Not a destination I’m overly keen on, but I was happy to see this on my roster all the same. It was a layover in Amsterdam, but what made this different was that it was a two day layover in comparison to the normal twenty four hours we’re usually given. Even better was that this was across a weekend, so I asked my mum if she wanted to fly over and join me for my layover as she’d never been before and thought it was a great chance for us to catch up if she could get a decently priced flight, which she could with KLM!
We departed Dubai at 3:30am and it was seven hours over to Amsterdam Schipol airport in The Netherlands. Landing in the early morning, my mum wasn’t landing til lunchtime so I went to bed for a couple hours waiting for her arrival.
Feeling much more revitalised after the night flight across, my mum dropped her things in the room and we set off out into the city. Before I flew to Amsterdam, I put up an instagram story asking for suggestions and recommendations of things to do in the city and I must have received around thirty plus different responses from people suggesting things for me and my mum to do! The last time I was in Amsterdam, I wasn’t overly enthused and I wanted recommendations that were really going to change my mind. One place that popped up consistently was a cafe/restaurant called Mamma Kelly.
So we bundled up in our warm clothing and headed in the direction of the restaurant ready for something to eat! One thing to note, this place is quite the way out of the centre of Amsterdam, it is definitely not walking distance!
We walked into the warmth to escape the sudden downpour that had abruptly engulfed us as we exited the bus and ran over to the entrance trying to protect our hair and was greeted to such a beautiful place. The aesthetic of this restaurant is fantastic, a gorgeous combination of dusty pinks and brassy golds situated across three levels. You really didn’t expect a place like this the further we got out of the city and also located right by the Olympic Park.
We were given a table that actually looked out onto the Olympic Park track and we felt super cosy inside watching the rain trickle down the window panes. We were given menus and ordered some drinks whilst we looked through the menu, struggling to decide between the options.
I went for the chicken waffles which was homemade pumpkin waffles with crispy chicken thigh, little gem lettuce, roasted peanuts and honey and my mum the french kiss which was soft french cheese baked in filo dough, sweet sour red onion with a small salad.
Food was delicious albeit the portions on the small side and also priced at €15 apiece but enjoyable nonetheless and I understand why this place was recommended to me by three different people. This place is me down to a tee.
We paid the bill as the rain had finally stopped and we went back into the city for a wander round and so my Mum could see what Amsterdam is like before the sun started to set.
There’s always so many bicycles in Amsterdam, if you’re not careful you’ll have one cycle right into you as theres so many cycle lanes around the city! We couldn’t resist a browse through the shops either and we both got some bargain winter boots in the sale!
We strolled around in the cold nipping in and out of shops, admiring the view before we decided we had earned a well deserved drink before dinner that evening. We stopped somewhere just by the red light district for a gin and tonic, with it being Saturday night however it was getting pretty rowdy!
For dinner we went to a place called Pigs and Punch which specialised in pork and cocktails (if it wasn’t obvious enough by the name). I’d seen this recommended a couple times online on different blogs when I was researching into Amsterdam. We wandered through the streets of Amsterdam with the lights twinkling in the night, exiting the loud crowds of the red light district towards the restaurant.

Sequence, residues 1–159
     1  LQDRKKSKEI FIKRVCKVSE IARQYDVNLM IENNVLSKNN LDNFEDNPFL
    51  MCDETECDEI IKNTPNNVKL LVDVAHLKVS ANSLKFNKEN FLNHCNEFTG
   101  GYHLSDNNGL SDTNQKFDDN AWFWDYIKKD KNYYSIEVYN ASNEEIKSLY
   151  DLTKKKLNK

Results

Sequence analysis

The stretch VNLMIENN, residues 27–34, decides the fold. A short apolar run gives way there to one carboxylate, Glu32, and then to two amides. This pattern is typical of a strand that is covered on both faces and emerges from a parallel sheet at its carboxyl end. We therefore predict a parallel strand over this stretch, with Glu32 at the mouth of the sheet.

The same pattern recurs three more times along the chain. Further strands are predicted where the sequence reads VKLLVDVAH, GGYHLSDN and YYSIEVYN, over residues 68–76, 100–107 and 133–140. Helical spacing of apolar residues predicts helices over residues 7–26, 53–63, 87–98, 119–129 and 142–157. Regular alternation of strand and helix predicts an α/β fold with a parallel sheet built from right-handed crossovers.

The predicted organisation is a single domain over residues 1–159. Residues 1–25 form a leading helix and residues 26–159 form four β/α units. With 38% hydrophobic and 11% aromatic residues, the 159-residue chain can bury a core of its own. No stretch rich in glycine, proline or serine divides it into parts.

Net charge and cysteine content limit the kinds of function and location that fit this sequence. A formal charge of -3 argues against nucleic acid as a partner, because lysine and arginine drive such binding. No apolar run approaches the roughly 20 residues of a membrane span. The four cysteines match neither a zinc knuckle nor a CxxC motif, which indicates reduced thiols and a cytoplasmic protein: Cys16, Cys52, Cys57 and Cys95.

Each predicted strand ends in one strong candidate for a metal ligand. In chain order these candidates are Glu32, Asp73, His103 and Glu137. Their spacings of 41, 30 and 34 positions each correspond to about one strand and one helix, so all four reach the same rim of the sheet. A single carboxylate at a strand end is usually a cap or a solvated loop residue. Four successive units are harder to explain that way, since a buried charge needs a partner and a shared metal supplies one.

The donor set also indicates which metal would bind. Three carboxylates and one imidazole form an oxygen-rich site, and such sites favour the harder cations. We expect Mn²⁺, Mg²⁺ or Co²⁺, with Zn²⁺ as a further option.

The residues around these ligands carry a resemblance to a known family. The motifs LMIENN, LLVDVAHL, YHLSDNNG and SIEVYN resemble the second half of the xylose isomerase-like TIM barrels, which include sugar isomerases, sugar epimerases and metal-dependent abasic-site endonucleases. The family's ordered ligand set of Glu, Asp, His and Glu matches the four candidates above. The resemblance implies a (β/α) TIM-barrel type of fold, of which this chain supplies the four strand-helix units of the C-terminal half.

We grabbed a table and ordered some drinks and looked through the menu, I went for the rack of ribs and my mum the bacon cheeseburger and we shared sides of potato waffles, coleslaw and some grilled garlic king prawns.
The food was heavenly, one of the best rack of ribs I’d ever eaten and the side of grilled prawns were cooked to perfection. After a long day and early starts for both me and my mum, we jumped in an Uber and headed back to the hotel ready for a good nights rest before another day of exploring.
The next day we woke early (ish) and made our way into the city on the train for a late breakfast early lunch at a place my friend Bronte had recommended to me called Coffee and Coconuts. We had actually stumbled past the place the day before and both said that looks a cute cafe before I realised someone had suggested it, so we made it in our plans to come back and I am SO glad we did.
The queue for this place was around thirty people long, and I can see why people wait for a table. We waited for around twenty minutes before getting a seat upstairs. What I loved about this cafe is that it had been converted from an old cinema into a cafe that had numerous different levels with an array of seating options. It had a bohemian chic vibe to it decorated with distressed woods and rope and plants, and a vast menu that had you struggling what to opt for.
We were both so ready for our morning coffee and I went for an XL cappucino with cocnut milk and my mum a flat white paired with a freshly squeezed orange juice with ginger and lemon. The orange juice was SO good, I honestly drank it in about three seconds.
We finally decided what we were going to eat and my mum went for the Full CT which was scrambled eggs, smashed avo, roast tomato, blueberry pancake, CT’s granola, yoghurt and fruit and I went for the chilaquiles which was a Mexican breakfast favourite ‘el jefe’ corn chips, spicy black beans, avocado, huevo frito, scallions, pickles and feta.
One of the most random breakfasts I’d ever had but very good nonetheless, I even ate half of my mums blueberry pancake and the yoghurt and granola as her breakfast was deceivingly big!
We paid the bill and continued on with our day. We decided to walk across to a place called de 9 straatjes (nine streets) which is a quaint, picturesque canal district area featuring vintage and designer boutiques, plus cosy cafes. Google Maps said it would take around thirty five minutes to walk there and with the sun shining, we decided to stroll on over and work off some of that breakfast whilst taking in the views of Amsterdam.
En route was bloemenmarkt which is the world’s only floating flower market. Founded in 1862, it is sited on the Singel River between Muntplein and Koningsplein in the city’s southern canal belt. I’m not going to lie here, but it’s really not worth venturing to. It’s not very obvious that its floating and you are expecting way more than a few stalls, all of which are selling the exact same thing. If you’re around the area then definitely head to see all the fresh tulips that Amsterdam is known for, but other than that nothing to write home about!